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Muslim group urges debate moderators to ask candidates about Trump's antisemitism decree

It would be 'disservice to American voters' if moderators did not heed call during next debate, CAIR's government affairs director says
CAIR contacted moderators of next Democratic presidential debate and asked them to bring up Trump's antisemitism order (AFP/File photo)

The Council on American-Islamic Relations (CAIR) has called on the moderators of the next Democratic presidential debate to question candidates about a recent executive order that effectively silences criticism on US campuses of Israeli human rights abuses.

The order, signed on 11 December, amended anti-discrimination laws at the Department of Education by cementing a controversial definition of antisemitism establised by the International Holocaust Remembrance Alliance (IHRA) in 2016.

On Wednesday, CAIR contacted the moderators who will host the next Democratic presidential debate, set to take place on Thursday, and asked them to bring up the order during the event so that presidential hopefuls can share their stances with the voters. 

Robert McCaw, CAIR's government affairs director, told Middle East Eye that the moderators had not responded to the group's request, but said it would be "a disservice" to voters if moderators did not heed the call. 

"The presidential executive order that seeks to silence campus criticism of Israeli human rights abuses is a trending story, and it would be a disservice to American voters if they did not bring it up," McCaw said.

Banning BDS on campus

CAIR, along with many other rights groups, has been a vocal opponent of IHRA's definition of antisemitism, which has already been adopted as law in several US states and European countries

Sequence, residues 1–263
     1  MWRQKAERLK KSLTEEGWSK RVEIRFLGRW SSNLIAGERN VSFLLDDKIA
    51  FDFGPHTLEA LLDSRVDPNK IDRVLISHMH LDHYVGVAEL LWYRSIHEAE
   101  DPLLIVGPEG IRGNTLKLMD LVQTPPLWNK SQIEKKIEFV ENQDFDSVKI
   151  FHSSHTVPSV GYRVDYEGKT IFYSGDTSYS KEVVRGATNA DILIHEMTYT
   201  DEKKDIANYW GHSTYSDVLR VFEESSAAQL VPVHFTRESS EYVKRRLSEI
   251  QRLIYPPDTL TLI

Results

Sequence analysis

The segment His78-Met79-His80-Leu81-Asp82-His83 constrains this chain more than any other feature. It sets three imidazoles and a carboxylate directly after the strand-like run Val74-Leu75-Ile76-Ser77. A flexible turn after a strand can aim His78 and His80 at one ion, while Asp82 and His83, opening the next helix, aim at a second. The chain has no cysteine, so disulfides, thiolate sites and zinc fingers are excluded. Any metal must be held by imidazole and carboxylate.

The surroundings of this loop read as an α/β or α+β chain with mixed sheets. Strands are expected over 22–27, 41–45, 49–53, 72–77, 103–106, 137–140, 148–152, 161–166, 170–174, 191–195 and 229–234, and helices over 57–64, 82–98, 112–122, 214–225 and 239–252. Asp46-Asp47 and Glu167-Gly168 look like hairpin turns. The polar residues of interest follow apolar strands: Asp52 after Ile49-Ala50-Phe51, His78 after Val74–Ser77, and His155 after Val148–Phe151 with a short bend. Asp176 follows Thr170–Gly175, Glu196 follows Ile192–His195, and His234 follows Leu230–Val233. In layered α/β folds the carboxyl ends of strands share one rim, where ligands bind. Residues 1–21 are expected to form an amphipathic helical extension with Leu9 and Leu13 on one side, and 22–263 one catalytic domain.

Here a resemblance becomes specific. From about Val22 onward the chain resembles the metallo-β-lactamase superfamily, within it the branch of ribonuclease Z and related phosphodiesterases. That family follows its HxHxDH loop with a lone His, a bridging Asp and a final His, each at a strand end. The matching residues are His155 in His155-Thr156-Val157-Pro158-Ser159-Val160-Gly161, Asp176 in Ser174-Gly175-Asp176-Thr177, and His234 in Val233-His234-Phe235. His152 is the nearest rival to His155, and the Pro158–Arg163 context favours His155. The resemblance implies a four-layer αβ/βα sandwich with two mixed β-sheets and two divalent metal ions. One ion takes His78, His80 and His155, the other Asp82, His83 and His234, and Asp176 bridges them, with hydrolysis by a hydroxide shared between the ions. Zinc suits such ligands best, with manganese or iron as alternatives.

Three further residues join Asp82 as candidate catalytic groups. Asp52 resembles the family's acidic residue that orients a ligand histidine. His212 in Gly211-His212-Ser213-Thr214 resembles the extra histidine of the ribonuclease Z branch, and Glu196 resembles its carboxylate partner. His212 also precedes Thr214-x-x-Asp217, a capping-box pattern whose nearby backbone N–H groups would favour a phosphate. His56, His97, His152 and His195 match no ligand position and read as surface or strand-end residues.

Under the IHRA's definition, saying the "State of Israel is a racist endeavor" would fall under antisemitic behaviour, as would criticising the actions of Israel without also highlighting abuses of other countries. 

Trump's antisemitism decree tramples on free speech rights, advocates say
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"This executive order conflates the vile bigotry of antisemitism with the First Amendment - protected speech of students and faculty across the country protesting the Israeli governement's human rights abuses against Christian and Muslim Palestinians," McCaw told MEE.

One major concern of activists is that under the adopted IHRA definition, any statement in support of the pro-Palestinian Boycott, Divestment and Sanctions (BDS) movement would be considered antisemitic. 

The BDS movement seeks to pressure Israel economically and politically to end its abuses against Palestinians.

While the IHRA definition does not mention BDS, on the day of the signing, US President Donald Trump said that the executive order targets the movement.

"We forcefully condemn this antisemitic campaign against Israel," he said of BDS at the time.

"This is our message to universities: If you want to accept the tremendous amount of federal dollars that you get every year, you must reject antisemitism; it's very simple," Trump said.  

In a statement released on Wednesday, CAIR said its chapters across the country plan to work with local allies, students and educators to protect free speech and academic freedom from the Trump administration's order.